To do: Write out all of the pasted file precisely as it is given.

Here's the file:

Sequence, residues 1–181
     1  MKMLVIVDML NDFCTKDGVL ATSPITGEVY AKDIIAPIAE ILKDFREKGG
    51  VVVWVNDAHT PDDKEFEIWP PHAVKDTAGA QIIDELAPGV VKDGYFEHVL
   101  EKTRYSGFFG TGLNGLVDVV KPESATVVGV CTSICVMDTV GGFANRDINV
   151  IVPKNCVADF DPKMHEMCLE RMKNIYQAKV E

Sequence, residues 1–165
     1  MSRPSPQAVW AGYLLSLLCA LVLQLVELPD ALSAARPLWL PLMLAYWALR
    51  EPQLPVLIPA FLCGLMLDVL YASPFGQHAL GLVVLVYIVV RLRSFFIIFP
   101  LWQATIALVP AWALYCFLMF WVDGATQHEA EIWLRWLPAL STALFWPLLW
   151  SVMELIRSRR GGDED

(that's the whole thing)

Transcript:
Sequence, residues 1–181
     1  MKMLVIVDML NDFCTKDGVL ATSPITGEVY AKDIIAPIAE ILKDFREKGG
    51  VVVWVNDAHT PDDKEFEIWP PHAVKDTAGA QIIDELAPGV VKDGYFEHVL
   101  EKTRYSGFFG TGLNGLVDVV KPESATVVGV CTSICVMDTV GGFANRDINV
   151  IVPKNCVADF DPKMHEMCLE RMKNIYQAKV E

Sequence, residues 1–165
     1  MSRPSPQAVW AGYLLSLLCA LVLQLVELPD ALSAARPLWL PLMLAYWALR
    51  EPQLPVLIPA FLCGLMLDVL YASPFGQHAL GLVVLVYIVV RLRSFFIIFP
   101  LWQATIALVP AWALYCFLMF WVDGATQHEA EIWLRWLPAL STALFWPLLW
   151  SVMELIRSRR GGDED